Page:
The Importance of Being Direct

Why do so many people find it difficult to be direct with others? Why do so many people prefer to sugar-coat an explanation instead of acknowledging the realities of a situation? Does it have something to do with people being aghast in “cancel culture” hysteria? Or does it have something to do with the deterioration of interpersonal skills and with people struggling to process constructive feedback? I would say it is the latter, and the inability to be direct with someone is likely to be a relationship killer.

Despite the fact that the thought of telling people things they might not want to hear can be a little unsettling, I believe people tend to have more appreciation and more respect for individuals who they know they can rely on to communicate openly with them, even when they are not going to like what they are going to hear.  Being direct with others may be difficult at first, but there are steps that anyone can take to get more comfortable in transacting with this form of truth currency, and it can provide an expedited path to getting ahead in life.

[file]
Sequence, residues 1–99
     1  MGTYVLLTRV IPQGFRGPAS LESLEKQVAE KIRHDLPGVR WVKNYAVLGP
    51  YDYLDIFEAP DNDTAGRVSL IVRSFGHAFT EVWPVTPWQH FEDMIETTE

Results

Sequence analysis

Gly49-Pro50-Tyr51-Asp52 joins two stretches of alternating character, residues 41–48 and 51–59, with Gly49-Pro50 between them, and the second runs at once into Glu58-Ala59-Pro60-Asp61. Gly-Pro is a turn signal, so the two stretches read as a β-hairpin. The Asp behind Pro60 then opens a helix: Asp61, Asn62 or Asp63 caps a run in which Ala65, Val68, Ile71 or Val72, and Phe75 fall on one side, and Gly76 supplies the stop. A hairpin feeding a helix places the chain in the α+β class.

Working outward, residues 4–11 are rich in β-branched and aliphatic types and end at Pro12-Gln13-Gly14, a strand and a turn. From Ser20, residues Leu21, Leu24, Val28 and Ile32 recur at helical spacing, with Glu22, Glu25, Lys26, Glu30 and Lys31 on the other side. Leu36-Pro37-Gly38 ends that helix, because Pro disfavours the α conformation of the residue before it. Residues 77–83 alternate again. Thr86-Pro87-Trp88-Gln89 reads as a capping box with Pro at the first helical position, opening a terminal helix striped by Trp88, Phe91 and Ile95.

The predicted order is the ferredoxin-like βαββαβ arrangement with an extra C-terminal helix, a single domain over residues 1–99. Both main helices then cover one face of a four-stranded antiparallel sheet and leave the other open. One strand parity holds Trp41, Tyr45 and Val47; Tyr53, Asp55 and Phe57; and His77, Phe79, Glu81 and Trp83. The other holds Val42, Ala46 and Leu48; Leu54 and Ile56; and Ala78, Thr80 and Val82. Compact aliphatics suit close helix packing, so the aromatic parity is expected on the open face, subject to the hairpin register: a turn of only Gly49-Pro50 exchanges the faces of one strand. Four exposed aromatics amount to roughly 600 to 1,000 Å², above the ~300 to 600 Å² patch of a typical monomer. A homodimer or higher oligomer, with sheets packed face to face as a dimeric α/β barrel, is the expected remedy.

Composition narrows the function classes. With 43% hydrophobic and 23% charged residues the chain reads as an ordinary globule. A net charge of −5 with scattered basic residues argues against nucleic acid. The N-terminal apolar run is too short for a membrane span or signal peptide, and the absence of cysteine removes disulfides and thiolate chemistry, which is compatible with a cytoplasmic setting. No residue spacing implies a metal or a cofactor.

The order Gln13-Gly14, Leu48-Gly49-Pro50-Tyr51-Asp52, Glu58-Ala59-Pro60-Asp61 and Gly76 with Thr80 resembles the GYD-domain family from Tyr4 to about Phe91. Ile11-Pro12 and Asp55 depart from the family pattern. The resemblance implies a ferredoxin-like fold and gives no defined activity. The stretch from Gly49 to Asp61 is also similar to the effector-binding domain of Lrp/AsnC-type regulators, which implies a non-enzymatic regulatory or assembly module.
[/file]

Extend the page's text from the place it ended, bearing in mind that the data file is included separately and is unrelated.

There is Nothing Pessimistic about Being Direct.

Although the internet is littered with materials on being direct, the majority of those pieces attempt to equate the approach to something akin to walking a tightrope, but that illustration could not be further from the truth.  Being direct has nothing to do with being rude or disrespectful, or making things personal.  Nor are there consequences for being direct.  This pessimistic approach to being direct contributes to the fear associated with doing so with others, and it takes away from what being direct is really about, and that is having enough respect for a person to tell them where things stand.